Lake with surrounding forest

Peru

At a Glance

The South America Regional Mission Environmental Program serves Brazil, Colombia, Ecuador, and Peru.

Peru is one of the most biodiverse countries in the world, with rich marine coastal, Andean highlands and Amazonian ecosystems, but this diversity is at risk due to changes in temperature and precipitation. Peru is susceptible to natural disasters including floods, droughts, and landslides, whose frequency, severity, and impacts are compounded by the El Niño Southern Oscillation and will be amplified by increased climate change and variability. Combined with ongoing problems such as agricultural expansion, deforestation, illegal mining, and air and water pollution, these climate risks threaten recent advancements in Peru’s development. The land-use change and forestry sector contribute around half of the country’s overall greenhouse gas emissions, followed by energy and agriculture.

    Climate Projections and Impacts

    Refer to the Climate Risk Profile (2017).

    Climate Projections

    Image

    Drought icon

    Increased Drought Frequency

    Image

    Sea Level Rise

    Image

    Increased Temperature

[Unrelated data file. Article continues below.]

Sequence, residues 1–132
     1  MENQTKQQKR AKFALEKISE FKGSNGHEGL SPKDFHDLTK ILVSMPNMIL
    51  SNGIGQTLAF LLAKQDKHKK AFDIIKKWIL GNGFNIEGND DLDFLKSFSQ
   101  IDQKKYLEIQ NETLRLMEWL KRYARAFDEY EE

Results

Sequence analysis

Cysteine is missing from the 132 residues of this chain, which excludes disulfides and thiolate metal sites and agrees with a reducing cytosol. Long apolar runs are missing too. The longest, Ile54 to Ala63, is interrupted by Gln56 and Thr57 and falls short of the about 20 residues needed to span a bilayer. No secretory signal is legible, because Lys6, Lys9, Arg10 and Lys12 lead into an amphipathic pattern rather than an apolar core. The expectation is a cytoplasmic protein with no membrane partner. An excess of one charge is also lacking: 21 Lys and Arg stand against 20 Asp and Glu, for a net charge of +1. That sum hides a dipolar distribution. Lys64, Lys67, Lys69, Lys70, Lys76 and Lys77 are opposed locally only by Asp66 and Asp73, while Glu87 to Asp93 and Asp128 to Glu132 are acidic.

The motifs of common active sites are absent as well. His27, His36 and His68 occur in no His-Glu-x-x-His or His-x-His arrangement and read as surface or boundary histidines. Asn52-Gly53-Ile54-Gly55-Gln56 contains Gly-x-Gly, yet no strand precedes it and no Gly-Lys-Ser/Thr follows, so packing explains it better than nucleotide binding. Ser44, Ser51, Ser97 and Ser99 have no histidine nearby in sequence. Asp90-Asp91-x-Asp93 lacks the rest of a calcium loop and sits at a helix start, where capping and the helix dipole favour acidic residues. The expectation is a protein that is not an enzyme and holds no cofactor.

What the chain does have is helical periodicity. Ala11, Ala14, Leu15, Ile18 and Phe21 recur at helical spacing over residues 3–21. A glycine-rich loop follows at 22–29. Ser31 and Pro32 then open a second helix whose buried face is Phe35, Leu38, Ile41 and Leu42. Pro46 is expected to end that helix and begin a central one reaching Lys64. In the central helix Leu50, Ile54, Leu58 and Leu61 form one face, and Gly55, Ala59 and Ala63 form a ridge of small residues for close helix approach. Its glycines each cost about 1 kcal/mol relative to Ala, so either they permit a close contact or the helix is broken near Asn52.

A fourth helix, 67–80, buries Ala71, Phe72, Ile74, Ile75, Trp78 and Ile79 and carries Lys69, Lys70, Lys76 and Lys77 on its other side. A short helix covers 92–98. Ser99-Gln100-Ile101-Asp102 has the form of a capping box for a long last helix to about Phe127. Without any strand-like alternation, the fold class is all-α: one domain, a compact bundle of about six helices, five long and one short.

Key Climate Impact Areas

    Agriculture

    Ecosystems

    Infrastructure

    Human Health

    Water

    Funding and Key Indicators

    Refer to metadata and sources for more details.


    USAID Regional Climate Change Funding (2020)

    Total

    $9 Million

    Adaptation

    $3 Million

    Sustainable Landscapes

    $6 Million

    GAIN Vulnerability

    Medium

    Population (2020)

    31.9 Million

    Glacier-Dependent

    Yes

    GHG Emissions Growth

    1.45%

    % Forested Area

    57.7%

    Climate Change Information

    Peru Photo Gallery

    Stories from the Area

    When the Incan ruins of Machu Picchu were threatened by forest fires last September, firefighter Jessica Morón and her wildland firefighting team battled the flames to protect the historic sanctuary and its surrounding biodiversity.
    This blog series features interviews with the winners of the 2020 Climatelinks Photo Contest. This photo, submitted on behalf of Peru’s USAID Pro-Bosques Activity, is available on the Climatelinks Photo Gallery.
    Perú es el cuarto país con el mayor volumen de turba tropical, cuya mayor parte se encuentra relativamente menos degradada en comparación con otras regiones del mundo. Sin embargo, esto podría cambiar. La creciente presión del desarrollo y la carencia de políticas específicas de protección ponen en riesgo a las turberas de Perú y sus reservas de carbono.